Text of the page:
Responding to its sentimental public, Argentine film at times returns to subjects of the heart. David Lipszyc's grainy portrait of depression-era Argentina, El astillero ("The Shipyard," 2000) was a hit with critics, Paula Hernandez's touching ode to immigrants, Herencia ("Heritage," 2001), has become something of a sleeper, Adolfo Aristarain's Lugares comunes ("Common Places," 2002) follows an elderly professor into retirement, Cleopatra (2003), Eduardo Mignona's tale of an unlikely friendship, received numerous awards, as did Carlos Sorín's touching El perro ("The Dog," 2004). Emotional negativity, a staple for filmmakers anywhere, was explored in Mario Sabato's India Pravile (2003), Francisco D'Intino's La esperanza (2005) and Ariel Rotter's El otro (2007) each deals with mid-life crises in very different ways. The pronounced sentimentality of the average Argentine was also the subject of U.S. screen legend Robert Duvall's 2002 Assassination Tango, a deceptively simple crime drama that shows that still waters do, indeed, run deep.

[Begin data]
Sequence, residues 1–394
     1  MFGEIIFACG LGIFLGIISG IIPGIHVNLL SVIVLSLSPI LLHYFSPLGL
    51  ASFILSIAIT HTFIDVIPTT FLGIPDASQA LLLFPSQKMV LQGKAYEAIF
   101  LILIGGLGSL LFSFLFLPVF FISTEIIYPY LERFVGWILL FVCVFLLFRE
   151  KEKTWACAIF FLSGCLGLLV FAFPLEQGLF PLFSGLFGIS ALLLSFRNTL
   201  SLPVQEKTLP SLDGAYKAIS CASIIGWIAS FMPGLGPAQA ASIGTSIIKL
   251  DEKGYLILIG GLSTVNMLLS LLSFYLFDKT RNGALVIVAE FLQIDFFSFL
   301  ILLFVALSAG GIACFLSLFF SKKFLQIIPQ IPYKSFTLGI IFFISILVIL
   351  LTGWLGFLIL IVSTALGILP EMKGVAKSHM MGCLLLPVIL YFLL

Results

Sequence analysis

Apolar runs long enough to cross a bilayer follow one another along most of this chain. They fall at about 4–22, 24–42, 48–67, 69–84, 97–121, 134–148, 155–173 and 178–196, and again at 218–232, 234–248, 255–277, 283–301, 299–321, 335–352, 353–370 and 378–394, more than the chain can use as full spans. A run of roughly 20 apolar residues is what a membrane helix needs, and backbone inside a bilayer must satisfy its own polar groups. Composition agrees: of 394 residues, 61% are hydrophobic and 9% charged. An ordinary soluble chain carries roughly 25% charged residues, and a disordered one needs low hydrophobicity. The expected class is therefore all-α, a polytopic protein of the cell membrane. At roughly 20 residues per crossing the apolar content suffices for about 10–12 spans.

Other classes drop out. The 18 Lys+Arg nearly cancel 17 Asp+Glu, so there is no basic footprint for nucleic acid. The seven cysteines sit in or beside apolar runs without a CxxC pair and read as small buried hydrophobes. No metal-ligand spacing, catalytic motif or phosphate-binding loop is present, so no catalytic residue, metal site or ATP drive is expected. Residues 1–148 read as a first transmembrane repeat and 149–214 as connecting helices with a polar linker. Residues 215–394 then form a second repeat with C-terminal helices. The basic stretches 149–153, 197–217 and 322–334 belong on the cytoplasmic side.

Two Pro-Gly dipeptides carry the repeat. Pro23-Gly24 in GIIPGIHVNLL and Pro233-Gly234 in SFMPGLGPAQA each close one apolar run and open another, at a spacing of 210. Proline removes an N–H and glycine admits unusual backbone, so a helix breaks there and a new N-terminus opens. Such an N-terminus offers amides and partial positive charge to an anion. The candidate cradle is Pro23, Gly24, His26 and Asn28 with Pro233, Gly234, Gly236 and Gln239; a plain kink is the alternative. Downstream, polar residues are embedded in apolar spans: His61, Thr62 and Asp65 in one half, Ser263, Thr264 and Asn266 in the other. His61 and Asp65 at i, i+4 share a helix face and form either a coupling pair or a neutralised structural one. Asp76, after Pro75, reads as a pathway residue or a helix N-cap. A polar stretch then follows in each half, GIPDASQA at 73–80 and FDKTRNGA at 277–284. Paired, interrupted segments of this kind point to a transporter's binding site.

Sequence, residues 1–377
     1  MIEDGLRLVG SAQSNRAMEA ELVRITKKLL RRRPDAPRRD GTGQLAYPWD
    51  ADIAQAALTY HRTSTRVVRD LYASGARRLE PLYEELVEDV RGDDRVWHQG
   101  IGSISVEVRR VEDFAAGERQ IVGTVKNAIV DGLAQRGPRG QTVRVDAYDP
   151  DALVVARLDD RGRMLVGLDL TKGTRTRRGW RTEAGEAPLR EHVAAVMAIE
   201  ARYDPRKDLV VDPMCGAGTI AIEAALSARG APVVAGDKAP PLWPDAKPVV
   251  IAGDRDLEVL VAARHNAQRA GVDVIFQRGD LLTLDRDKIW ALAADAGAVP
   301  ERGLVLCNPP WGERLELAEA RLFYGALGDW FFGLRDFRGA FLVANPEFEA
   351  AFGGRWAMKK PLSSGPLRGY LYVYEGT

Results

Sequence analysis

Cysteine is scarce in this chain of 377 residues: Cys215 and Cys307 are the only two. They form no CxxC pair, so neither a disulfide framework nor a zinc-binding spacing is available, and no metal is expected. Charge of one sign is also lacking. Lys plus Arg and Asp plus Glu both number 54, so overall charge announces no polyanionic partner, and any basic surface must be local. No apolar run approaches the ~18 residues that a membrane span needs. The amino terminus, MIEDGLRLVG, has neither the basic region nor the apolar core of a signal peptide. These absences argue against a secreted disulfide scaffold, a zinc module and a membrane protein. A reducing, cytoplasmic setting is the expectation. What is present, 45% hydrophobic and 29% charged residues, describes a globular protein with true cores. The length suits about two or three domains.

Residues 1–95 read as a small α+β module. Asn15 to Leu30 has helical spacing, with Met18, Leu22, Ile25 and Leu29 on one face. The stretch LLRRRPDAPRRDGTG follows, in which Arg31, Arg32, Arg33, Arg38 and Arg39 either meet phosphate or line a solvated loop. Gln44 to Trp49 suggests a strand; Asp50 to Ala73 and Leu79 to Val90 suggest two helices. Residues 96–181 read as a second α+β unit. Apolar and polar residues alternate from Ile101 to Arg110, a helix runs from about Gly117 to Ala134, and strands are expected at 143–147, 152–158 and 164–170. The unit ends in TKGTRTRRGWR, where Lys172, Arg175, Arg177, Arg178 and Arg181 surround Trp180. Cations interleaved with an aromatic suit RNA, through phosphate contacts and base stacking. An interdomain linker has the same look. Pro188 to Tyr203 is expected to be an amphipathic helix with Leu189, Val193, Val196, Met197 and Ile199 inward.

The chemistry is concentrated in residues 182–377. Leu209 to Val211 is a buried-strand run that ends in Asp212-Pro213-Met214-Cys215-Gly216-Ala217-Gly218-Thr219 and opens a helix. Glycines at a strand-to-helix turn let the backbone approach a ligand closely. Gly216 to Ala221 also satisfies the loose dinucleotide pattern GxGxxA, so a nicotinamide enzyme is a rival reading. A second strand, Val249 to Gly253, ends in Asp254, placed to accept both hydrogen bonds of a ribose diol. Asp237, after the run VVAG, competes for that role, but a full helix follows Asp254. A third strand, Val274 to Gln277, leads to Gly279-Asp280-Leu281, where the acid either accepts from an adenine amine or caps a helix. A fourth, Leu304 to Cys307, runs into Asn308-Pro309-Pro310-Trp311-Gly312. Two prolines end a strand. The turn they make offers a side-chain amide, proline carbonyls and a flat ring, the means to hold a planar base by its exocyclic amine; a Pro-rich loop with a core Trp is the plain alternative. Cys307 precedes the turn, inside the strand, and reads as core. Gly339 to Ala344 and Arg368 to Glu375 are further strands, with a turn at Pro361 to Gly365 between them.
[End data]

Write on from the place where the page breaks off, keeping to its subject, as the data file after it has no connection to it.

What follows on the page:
Buffeted by years of economic malaise and encroachment of the domestic film market by foreign (mainly, U.S.) titles, the Argentine film industry has been seen through partly by the 1987 creation of the National Institute of Cinema and Audioviual Arts (INCAA), a publicly subsidized film underwriter that, since 1987, has produced 130 full-length art house titles.
Since the beginning of Argentine cinema, over 2,500 films have been produced, with 2004 and 2005 being the most prolific years with 66 and 63 films, respectively.